When choosing a bike for young riders, the first step is to select the correct bike size. Kids’ bikes are classified according to their wheel size, from 12 to 24 inches.
How to choose the right kid’s bike
While it may seem confusing at first, finding the right bike for your kid is actually pretty simple. Here is what you have to take into consideration :
- Bike (wheel) size
- Training wheels or no training wheels
- Gears or single speed
In this blog post, we will go through everything you need to know to find the right bike for your child.
How do I choose the right size?
Bike sizes are determined by wheel size. Therefore, a 12'' bike has 12'' wheels, a 16'' bike has 16'' wheels and so forth. Because kids grow so quickly at this age, it isn't as crucial to get the perfect sizing as things can change a lot within one season. We usually recommend going for the biggest bike your kid can comfortably (and safely) use, meaning you won't need to buy a new bike every year (hopefully).
For children of age 6 and under, we suggest this quick two-step test:
- Once seated on the bike, the child can put both feet flat on the ground
- Make sure the child is able to turn the handlebars easily without letting go
Keep in mind that all bike sizes feature adjustable seatposts and handlebars, which will accommodate rapidly growing kids.
Bike size chart
This is the standard size chart for kid's bikes:
- 80-95 cm (2-3 years old): 12” bikes and push bikes
- 95-115 cm (4-6 years old): 14-16” bikes
- 115-135 cm (6-8 years old): 20” bikes
- 135-150 cm (9-13 years old): 24” bikes
Ages 2-3 years old (80-95 cm)
This is typically the time at which young ones dip their toes into the beautiful world of cycling. We definitely recommend starting out with a Push Bike, rather than a regular 12'' bike with pedals and training wheels. What is a Push Bike you ask? A Push Bike is a 12'' bike that has no pedals and no training wheels, which uses the child's legs as a means of propulsion. These are a better first step as kid's tend to catch onto the movement more naturally, sometimes even within a single session. Another huge advantage of Push Bikes is that they teach the balance aspect of riding early on, which may eliminate the need for training wheels down the road. We adamantly recommend going for a Push Bike as a first bike.
Here is our favorite selection of push bikes:
Ages 4-6 years old (95-115 cm)
At this age, the logical choice is a 16'' bike. Although 14'' bikes exist, we recommend skipping over this size entirely, as chances are your child will grow out of it within a single season, forcing you to buy, you guessed it, a 16'' bike. All 16'' bikes come with training wheels and pedals, but for the more adventurous kids out there, the training wheels are easy to remove and they can get to riding early on. Some 16'' bikes come with a hand brake but most will have a coaster (back pedal) brake. If your child is still struggling to learn how to pedal or handle the bike, we recommend skipping over the hand brake at this point.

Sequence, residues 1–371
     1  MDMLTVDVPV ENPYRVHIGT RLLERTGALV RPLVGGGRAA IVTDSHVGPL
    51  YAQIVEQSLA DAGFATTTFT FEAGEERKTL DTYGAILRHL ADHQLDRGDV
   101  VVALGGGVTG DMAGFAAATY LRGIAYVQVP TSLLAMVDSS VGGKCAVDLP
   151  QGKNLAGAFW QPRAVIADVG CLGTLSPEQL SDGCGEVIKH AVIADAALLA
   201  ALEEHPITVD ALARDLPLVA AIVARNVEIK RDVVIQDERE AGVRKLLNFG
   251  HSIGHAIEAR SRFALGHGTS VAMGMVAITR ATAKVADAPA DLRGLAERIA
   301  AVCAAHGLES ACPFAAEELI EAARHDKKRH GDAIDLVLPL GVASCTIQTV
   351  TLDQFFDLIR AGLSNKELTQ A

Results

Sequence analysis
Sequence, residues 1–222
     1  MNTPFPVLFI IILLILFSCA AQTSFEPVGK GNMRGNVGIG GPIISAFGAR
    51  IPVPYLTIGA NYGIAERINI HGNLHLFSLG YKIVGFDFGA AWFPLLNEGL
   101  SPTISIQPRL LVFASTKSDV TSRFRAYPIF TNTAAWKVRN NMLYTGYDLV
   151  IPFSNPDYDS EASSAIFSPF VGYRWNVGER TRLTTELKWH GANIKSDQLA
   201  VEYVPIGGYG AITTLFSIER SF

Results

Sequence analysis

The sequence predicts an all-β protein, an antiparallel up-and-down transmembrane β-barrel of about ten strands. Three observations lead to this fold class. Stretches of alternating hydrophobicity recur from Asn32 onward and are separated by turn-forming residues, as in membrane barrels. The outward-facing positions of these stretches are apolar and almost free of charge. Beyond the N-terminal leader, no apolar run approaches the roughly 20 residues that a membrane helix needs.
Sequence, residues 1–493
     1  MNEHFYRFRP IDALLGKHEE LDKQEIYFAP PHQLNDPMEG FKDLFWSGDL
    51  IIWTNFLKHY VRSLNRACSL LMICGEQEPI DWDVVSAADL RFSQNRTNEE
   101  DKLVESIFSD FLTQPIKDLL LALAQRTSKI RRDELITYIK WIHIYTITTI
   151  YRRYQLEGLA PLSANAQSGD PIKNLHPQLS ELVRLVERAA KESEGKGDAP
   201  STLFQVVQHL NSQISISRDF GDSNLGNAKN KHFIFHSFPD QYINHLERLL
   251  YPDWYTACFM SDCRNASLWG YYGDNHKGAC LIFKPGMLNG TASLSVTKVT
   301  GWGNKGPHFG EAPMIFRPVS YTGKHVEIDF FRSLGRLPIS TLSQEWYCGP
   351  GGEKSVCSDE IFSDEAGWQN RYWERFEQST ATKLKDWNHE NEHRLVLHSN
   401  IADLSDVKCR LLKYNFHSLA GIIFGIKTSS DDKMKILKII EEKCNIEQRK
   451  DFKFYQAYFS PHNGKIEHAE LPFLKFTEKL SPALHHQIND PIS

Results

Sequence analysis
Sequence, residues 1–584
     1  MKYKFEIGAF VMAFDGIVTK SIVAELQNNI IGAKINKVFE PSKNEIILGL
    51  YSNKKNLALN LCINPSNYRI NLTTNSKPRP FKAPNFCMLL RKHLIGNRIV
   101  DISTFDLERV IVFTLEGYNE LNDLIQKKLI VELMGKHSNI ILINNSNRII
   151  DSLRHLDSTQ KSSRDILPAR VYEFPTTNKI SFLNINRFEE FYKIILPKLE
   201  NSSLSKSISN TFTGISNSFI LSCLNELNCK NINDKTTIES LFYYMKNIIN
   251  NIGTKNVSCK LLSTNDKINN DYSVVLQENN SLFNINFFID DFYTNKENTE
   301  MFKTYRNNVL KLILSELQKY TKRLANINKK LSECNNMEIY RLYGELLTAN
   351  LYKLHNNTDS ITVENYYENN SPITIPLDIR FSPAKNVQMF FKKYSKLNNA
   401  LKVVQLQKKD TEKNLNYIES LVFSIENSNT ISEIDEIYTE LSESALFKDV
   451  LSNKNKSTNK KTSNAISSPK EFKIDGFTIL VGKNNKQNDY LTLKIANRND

Here is a selection of 16'' bikes:
Ages 6-8 years old (115-135 cm)
This is when the real riding begins. At this age, your child will start being able to keep up with you on longer bike path rides to the park or accross the neighborhood. 20'' bikes typically do not have training wheels, come with hand brakes and even gears in some cases. We recommend keeping an eye on your child's riding level to determine which accessories are suitable at this stage. 20'' bikes may start to have variations as well, such as road or off-road characteristics. Think about the type of riding your child will be doing, and choose accordingly.
In some cases, your child may be taller than most and may not be comfortable/ready to ride without training wheels. You can purchase them seperately here.
Here is our favorite selection of 20'' bikes:
Ages 9-13 years old (135-150 cm)
This is the point where kid riders are ready for a 24'' bike. 24'' bikes closely resemble adult bikes in that they often have hand brakes only, real gearing and are divided in the common categories such as road, hybrid and mountain bikes. Because 24'' bikes can last a couple of seasons, you will also see specialty bikes starting to appear, such as full suspension mountain bikes and lightweight road bikes. Similarly to 14'' bikes, there are some 26'' bikes on the market but we recommend skipping this size to go for a full size adult bike (in a smaller frame size) when your kid outgrows his 24". This will most definitely be a longer lasting purchase.
Here are a few 24'' bikes:
Helmets are a non-negotiable part of riding a bike. It is imperative that a helmet be well fitted and comfortable, in order to provide the best safety possible. Finding a helmet for your child is very simple. Helmet sizes are determined by head circumference, which you can measure with a soft measuring tape. You can then compare with the manufacturer's size chart to determine the correct model and size. Make sure the helmet does not move on the child's head and adjust the chin strap to a snug, but not tight fit and you're good to go!
Here are a few of our favorite helmets for kid riders: